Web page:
Certainly making fuel from SNF for an MSR should be much cheaper than making MOX (and more productive too).


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PostPosted: Sep 10, 2010 7:10 am 
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David wrote:
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As for #4. What is the cost/kWh levelised for the 10x larger fissile startup? From what I've read its very tiny and 10x tiny is still not much. We need to get rid of the TRUs one way or the other. If we put in more its good public relations. Important to market this aspect well.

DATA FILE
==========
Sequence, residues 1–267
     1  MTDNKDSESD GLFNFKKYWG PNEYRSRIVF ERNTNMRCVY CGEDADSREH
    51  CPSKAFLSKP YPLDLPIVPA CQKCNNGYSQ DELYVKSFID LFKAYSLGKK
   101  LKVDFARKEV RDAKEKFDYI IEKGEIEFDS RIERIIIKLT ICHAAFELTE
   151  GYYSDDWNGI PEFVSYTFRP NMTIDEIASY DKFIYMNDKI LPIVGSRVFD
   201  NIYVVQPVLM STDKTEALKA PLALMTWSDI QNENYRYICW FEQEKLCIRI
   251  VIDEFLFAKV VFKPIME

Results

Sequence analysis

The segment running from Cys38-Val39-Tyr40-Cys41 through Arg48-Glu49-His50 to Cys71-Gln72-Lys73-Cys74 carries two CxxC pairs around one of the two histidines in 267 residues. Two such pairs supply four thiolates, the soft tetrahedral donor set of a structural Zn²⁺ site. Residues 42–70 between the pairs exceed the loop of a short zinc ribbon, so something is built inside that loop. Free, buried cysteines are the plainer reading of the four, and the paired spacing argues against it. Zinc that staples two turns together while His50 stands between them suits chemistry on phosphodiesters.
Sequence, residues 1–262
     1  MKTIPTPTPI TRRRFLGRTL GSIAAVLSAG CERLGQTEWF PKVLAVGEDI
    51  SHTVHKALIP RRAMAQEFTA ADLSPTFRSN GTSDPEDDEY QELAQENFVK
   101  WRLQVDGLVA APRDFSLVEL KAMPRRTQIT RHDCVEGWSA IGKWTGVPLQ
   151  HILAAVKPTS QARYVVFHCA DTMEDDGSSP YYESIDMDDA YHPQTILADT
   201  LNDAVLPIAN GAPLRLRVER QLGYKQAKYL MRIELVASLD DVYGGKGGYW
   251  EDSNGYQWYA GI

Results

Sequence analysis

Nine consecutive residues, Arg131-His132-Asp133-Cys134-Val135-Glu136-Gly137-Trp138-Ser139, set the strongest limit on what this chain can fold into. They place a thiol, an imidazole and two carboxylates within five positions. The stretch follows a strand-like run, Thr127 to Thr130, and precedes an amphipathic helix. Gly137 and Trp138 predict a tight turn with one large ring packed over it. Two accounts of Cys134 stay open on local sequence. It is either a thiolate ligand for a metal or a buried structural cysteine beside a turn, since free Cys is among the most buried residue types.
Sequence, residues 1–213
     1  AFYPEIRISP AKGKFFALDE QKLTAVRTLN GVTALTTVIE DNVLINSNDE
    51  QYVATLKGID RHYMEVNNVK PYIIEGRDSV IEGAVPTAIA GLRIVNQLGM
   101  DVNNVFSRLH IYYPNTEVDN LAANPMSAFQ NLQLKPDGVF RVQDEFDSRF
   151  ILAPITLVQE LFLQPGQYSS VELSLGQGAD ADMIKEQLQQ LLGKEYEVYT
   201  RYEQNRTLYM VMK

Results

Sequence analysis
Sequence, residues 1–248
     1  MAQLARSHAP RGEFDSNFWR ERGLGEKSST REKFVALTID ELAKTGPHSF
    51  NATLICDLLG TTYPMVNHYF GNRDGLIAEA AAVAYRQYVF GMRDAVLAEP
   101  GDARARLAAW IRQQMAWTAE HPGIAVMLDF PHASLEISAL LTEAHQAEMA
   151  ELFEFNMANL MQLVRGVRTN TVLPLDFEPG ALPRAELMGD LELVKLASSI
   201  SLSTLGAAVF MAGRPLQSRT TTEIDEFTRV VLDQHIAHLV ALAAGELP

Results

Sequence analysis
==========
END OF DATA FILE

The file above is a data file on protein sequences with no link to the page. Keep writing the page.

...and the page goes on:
As an example, the REBUS 3700 chloride fast reactor design (3700 MWth) needed 11 tonnes of fissile Pu per GWe to start up. That is 18 to 20 tonnes of LWR Pu which typically quoted as costing about 100$ a gram to process out of spent fuel. Perhaps cheaper processing methods could be used for molten salt reactors (especially fluoride based) but a high end of 2 billion$ per GWe is certainly not a tiny expense in my view! The IFR typically assumed startup on 20% LEU because of the high cost of Pu (something only found in the fine print!).

David LeBlanc


Thanks David. Cetainly no tiny expense. About 1.5 cents/kWh with 20 year operation @ 10% interest rate. With 5% interest its 1 cent/kWh. A significant cost but not a show stopper in my mind. We save a bit on the cost of online processing. (especially development money & time seems important to me). No fuel fabrication either, like any fluid fuel – this cost saving is of similar magnitude.